Once again it was the always reliable Ken Rosenthal breaking the news that Barry Zito had found a new team. Yet he's not moving far from his old home in Oakland. No, the Mets didn't sign Zito, nor did the Mariners or Rangers. The San Francisco Giants did, and they are keeping the 28-year old southpaw in the Bay Area on the strength of a seven year deal worth around 126 million dollars. The deal is also said to include an 18 million dollar option for the 2014 season.
So, what does this mean for the Giants, who have signed Zito to the longest deal in team history.
They have certainly acquired a big-name pitcher, and have also found their replacement for Jason Schmidt. But what can they expect from Zito for 2007 and beyond?
It's almost impossible to accurately project Barry Zito 7 years from now, but looking at his peripherals and DIPS ERA, it's difficult for me to like the direction Zito is headed in:
Looking things over, you have strikeout rates that are around the league average, walk rates that have really climbed above the league average (at least over the past two seasons), and uninspiring home-run rates that also have ranked around the league average.
Probably the most interesting facet of his game is when you compare his actual ERA and DIPS ERA. Zito hasn't posted appealing peripheral statistics, but has gotten away with it, posting better actual ERA's than DIPS ERA's.
Whether that continues will be told in the upcoming years, but I certainly don't feel a pitcher who presents the type of peripherals Barry Zito does is worth the 6th largest contract in Major League History.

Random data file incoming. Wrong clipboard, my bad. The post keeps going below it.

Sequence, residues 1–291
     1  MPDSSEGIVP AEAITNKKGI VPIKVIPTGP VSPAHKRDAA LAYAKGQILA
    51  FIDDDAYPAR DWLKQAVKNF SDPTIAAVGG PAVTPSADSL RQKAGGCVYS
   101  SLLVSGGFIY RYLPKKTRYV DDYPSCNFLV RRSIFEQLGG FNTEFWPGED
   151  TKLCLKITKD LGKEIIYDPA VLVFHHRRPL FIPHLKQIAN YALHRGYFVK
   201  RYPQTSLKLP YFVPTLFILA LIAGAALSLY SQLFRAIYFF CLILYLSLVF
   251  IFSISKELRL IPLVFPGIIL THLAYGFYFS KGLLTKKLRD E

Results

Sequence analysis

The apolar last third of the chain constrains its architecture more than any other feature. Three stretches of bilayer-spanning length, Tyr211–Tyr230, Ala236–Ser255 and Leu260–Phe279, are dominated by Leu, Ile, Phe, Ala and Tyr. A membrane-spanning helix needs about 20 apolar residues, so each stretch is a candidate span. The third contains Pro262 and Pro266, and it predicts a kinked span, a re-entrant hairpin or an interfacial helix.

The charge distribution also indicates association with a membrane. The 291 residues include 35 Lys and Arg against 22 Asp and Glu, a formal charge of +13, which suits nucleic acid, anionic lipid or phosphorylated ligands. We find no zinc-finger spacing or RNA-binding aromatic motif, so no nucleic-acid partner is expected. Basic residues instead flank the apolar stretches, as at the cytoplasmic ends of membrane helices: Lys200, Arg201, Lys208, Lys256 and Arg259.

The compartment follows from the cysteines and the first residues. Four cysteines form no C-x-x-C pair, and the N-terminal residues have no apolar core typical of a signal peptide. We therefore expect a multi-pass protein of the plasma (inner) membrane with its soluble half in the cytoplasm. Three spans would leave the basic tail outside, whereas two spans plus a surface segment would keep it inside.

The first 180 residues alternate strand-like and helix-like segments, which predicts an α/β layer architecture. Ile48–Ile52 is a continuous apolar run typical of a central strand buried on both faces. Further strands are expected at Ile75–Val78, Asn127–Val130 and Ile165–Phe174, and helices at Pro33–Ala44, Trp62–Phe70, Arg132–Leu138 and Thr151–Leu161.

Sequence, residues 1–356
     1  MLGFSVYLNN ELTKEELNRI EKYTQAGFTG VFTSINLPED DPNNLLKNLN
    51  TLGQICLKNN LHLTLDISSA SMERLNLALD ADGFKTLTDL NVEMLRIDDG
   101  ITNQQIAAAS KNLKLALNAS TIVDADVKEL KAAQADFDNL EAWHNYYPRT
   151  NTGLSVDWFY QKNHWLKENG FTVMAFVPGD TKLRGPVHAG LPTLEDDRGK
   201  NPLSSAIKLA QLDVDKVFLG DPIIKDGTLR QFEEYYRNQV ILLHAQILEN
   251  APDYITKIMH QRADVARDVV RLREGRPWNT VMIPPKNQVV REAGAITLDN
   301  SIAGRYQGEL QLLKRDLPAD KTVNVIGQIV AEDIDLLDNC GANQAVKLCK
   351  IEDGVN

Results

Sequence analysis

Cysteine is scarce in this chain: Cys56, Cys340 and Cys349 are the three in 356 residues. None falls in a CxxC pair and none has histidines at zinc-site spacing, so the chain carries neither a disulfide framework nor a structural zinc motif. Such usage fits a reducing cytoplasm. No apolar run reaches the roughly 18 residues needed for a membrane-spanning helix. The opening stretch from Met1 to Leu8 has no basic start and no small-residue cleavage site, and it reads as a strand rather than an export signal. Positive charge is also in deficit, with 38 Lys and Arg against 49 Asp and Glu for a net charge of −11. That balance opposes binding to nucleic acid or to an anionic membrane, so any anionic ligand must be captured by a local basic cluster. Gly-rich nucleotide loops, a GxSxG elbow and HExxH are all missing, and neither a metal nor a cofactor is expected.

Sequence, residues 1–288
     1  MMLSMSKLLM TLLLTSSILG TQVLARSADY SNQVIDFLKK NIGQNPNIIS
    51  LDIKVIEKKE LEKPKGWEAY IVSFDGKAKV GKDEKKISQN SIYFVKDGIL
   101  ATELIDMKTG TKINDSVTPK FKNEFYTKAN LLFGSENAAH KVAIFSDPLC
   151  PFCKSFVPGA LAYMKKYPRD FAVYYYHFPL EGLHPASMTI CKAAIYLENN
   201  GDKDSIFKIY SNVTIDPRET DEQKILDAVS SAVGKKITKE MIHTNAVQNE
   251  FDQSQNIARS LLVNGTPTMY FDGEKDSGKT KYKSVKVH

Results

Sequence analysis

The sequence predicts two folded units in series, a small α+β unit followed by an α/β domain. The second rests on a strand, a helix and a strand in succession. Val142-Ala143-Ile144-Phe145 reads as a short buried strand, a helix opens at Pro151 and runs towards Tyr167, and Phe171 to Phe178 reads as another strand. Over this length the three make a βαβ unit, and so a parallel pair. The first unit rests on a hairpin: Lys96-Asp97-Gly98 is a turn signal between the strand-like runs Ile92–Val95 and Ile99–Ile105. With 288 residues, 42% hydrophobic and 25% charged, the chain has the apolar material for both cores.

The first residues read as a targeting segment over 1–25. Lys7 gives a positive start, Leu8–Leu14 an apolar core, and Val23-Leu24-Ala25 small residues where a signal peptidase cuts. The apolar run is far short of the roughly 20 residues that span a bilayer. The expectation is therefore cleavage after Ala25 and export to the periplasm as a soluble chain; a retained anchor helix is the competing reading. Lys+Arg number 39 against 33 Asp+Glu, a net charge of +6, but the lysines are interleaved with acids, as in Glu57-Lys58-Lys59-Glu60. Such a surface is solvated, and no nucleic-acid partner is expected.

What about the ballpark? With a full no-trade clause included in the deal, Zito is going to pitch many games at AT&T Park over the rest of his career. Here are the 3-year Park Factor's for AT&T Park, and just for kicks we'll compare them to McAfee Coliseum:
The good news here is Zito isn't going to a home-run friendly park. For a guy who has a career FB% of 43%, you don't want to be keeping him at a home-run happy ballpark. AT&T Park is not a home-run happy ballpark, and has suppressed home-run production more than McAfee Coliseum over the past few seasons. Combine that with the fact the National League is still inferior to the American League and there are a couple of glaring positives in this deal, at least for the short-term.
Last, but not least, I'll look at a fun little tool: Similarity Scores from Baseball Reference. Similarity Scores try to forecast a player's future based on comparable players. Here a Barry Zito's Similarity Scores though his current age of 28:
- Mike Hampton (963)
- Ramon Martinez (960)
- Ray Culp (956)
- Johnny Podres (956)
- Mickey Lolich (954)
- Tom Glavine (950)
- Juan Pizarro (949)
- Ron Darling (949)
- Kevin Appier (944)
- Jack McDowell (939)
Nothing here is set in stone, these just try to forecast the future of major league players. But when you're #1 comparable player is Mike Hampton, it would seem reasonable for Giants fans to draw some concern about the future of Barry Zito.
Seven years is simply insane. Even though most knowledgeable baseball fans knew Zito would sign a long-term contract for a boatload of cash, it's still insane. Zito, at 28 years old, poses as a peripheral declining pitcher, and once he starts getting older, things could certainly get worse.
ZiPS recently released their 2007 projection for Barry Zito and I feel it is very reasonable:
We all knew Zito was going to get this type of deal. Whether it was from the Mets, Mariners, Rangers, or these Giants, it was reasonable to infer Zito was going to strike gold come winter time.
But I can't help but feel this deal is a bit much on the Giants part. Zito isn't an ace anymore and was paid ace-type cash. Sure, he hasn't missed a major league start due to injury, should age fairly well due to his athleticism, and was quite possibly the most inciting pitcher on the free agent market, but investing your future in a guy like Zito is a risky one.
In my opinion, I think the Giants should have made a harder run at re-signing Jason Schmidt rather than signing Barry Zito, or any free agent pitcher for that matter, to a 7-year contract.